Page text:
As "Ellie-from-the-deli", making $10 an hour and teaching fourteen workout classes a week, I was doing all I could to meet our financial obligations. So I had my motivation. Reroofing the garage seemed like a simple enough task except for the fact that I was afraid of heights. No way would I have attempted my house roof because of the sharp incline plus I'd heard of people breaking body parts after falling.
This was the perfect equation for a life lesson: learn something new + overcome a fear = inner satisfaction.
The earliest written records of meditation, around 1500 BCE, come from the Hindu traditions. Today meditation is being practiced in our Western culture because of its physical, mental, emotional and spiritual benefits.
Mindfulness meditation is the practice of being in the present moment fully. The meditatorís mind expands in an openness to embrace each unfolding moment. As the meditator deepens their practice, they gain more wisdom, truth, compassion, and interconnection with all things. These insights guide the meditator in living their daily life in ease and love.
September is Recovery Month. Minnesota Recovery Connection (MRC) states, "Recovery is a life-long journey." Can you join MRC vision of a world where recovery from addiction to alcohol and other drugs is understood, promoted, embraced, and enjoyed and where all who seek it have access to the support, care, and resources they need to achieve long-term recovery?
Let's all say yes. Whatever role you are playing relative to the world of afflicted addiction: the addicted one, parent, sibling, co-worker, friend, child of the addict, you can bring healing to everyone impacted.
May you dedicate this month to expanding your awareness of recovery. Remember, healing starts with yourself. As you explore, ah, ha moments show up so be ready to take more responsibility for your own health and well-being. This healing requires education, practice and patience. As you grow, you can learn how to let go of blame, resentments, anger and fears which are the obstacles to your own happiness and wholeness.
Competitive golfers are encouraged to journal about their thoughts in the heat of the battle. The most common trap is negative self-talk. Sports psychologists say 'beating you up' is the job of mother nature and your opponent: your job is to be your own best friend, so you can stay positive and keep your best golf possible.
Can we agree sometimes it's hard to avoid beating ourselves up? We're all living in the same movie..it's easy for unpredictable plot twists to trigger the negative self-talk. That's why I'm so pleased to introduce you to my coach: Ellie Peterson.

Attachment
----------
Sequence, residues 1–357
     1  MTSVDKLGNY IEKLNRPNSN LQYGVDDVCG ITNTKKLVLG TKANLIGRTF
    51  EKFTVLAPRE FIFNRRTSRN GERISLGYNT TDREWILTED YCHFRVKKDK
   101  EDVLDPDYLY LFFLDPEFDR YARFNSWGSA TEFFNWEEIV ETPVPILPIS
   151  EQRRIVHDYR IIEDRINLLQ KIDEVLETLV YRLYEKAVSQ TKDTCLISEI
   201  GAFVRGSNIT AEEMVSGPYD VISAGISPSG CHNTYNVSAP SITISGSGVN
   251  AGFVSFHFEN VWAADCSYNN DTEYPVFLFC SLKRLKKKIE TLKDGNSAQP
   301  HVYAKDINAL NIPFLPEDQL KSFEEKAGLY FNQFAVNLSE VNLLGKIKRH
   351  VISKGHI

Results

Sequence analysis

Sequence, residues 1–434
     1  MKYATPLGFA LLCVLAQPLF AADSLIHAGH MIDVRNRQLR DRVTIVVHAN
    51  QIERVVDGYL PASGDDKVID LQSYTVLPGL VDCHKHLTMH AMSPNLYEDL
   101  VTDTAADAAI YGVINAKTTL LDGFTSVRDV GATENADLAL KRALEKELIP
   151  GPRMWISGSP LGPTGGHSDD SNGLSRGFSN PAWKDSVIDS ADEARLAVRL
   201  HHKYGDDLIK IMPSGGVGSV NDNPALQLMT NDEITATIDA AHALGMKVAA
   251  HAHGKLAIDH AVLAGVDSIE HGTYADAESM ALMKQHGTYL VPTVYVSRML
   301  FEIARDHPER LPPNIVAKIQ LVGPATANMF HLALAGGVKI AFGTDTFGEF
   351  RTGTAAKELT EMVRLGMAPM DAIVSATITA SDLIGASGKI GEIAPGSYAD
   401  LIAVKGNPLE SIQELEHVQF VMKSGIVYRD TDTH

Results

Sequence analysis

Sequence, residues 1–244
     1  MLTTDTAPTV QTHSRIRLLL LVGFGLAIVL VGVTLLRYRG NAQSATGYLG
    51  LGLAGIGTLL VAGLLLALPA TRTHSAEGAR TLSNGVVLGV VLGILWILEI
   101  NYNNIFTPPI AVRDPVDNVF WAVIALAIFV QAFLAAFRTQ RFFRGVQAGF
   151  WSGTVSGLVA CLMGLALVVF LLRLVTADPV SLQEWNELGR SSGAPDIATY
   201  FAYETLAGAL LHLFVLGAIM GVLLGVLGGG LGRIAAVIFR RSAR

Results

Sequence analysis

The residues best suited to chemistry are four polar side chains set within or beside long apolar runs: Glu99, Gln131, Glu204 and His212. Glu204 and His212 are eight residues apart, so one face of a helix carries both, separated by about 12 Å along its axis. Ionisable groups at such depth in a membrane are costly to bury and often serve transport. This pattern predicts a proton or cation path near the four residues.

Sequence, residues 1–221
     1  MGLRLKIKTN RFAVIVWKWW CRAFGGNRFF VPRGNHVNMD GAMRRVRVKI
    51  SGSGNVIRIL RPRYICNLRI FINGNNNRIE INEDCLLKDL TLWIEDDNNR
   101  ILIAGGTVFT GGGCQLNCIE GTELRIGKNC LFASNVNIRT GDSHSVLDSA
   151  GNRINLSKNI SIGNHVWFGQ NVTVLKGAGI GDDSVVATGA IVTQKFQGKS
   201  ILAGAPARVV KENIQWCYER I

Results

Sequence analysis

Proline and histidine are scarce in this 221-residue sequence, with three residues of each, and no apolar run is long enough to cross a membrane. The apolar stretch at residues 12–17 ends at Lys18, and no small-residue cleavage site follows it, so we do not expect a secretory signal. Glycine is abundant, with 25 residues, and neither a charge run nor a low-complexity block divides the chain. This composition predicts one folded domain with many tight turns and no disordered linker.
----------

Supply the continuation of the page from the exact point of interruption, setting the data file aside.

Yes Minnesotans, it is snowing on May 1. Are you feeling sorry for yourself? Does that self-pity extend to the outdoor creatures and would you consider inviting a mouse into your home? Of course not. According to Deepak Chopra self-pity is the opposite of self-esteem. So why invite self-pity into your home (your being). Let's treat self-pity as we would the outdoor creatures and keep it out of our lives. During times like these I remind myself of the the Alcoholics Anonymous big book that promises:
We are going to know a new freedom and a new happiness. We will not regret the past nor wish to shut the door on it. We will comprehend the word serenity and we will know peace. No matter how far down the scale we have gone, we will see how our experience can benefit others. That feeling of uselessness and self-pity will disappear. We will lose interest in selfish things and gain interest in our fellows. Self-seeking will slip away. Our whole attitude and outlook upon life will change. Fear of people and economic insecurity will leave us. We will intuitively know how to handle situations which use to baffle us. We will suddenly realize that God is doing for us what we could not do for ourselves.
So keep believing in yourself and your ability to take charge of your emotions.
How do we feel peaceful when horrific events like a local school shooting and the Boston marathon bombing occur? We all need to feel safe and confident amidst the stresses in our external world and believe that everything is well. Inner peace can be achieved by following these three simple daily practices.
First, you need to take time for yourself. It can be 5 minute intervals taken throughout your day or extended periods of time that you scheduled for yourself. Every Sunday you can take 3-5 minutes scheduling that week's Me time. Remember to view this time as an investment in your own well-being. Each evening before retiring for bed, ask yourself if you spent quality time just for you today. If the answer is no, take that time now. For me, the best time is right away in the morning. Because I want to give and be my best self for others, I need to be filled up to be impactful.
Second, be aware of what you are thinking and feeling. There are many ways to help you get in touch with your inner self. We respond all day to life's interactions; many times out of habit versus conscious thought about how we want to be. Therefore connecting with ourselves is the key. Meditation is a fantastic way to become more aware. Because it can be completed virtually anywhere, it appeals to busy individuals. Feeling more in tune with life is one of the results of practicing.
Third, you can affirm yourself as you move your body. When an event like this occurs, many people repeat the images and messages from the television and radio in their minds. Instead of feeding the pain, it is necessary to focus your attention on what is within your own control. The "I Am Safe" Meditative Movement and "I Forgive" Meditative Movements support and nurture your human needs, especially at these unsettling times. These simple movements bring your mind, body and being in alignment in the present moment and inner peace can be experienced.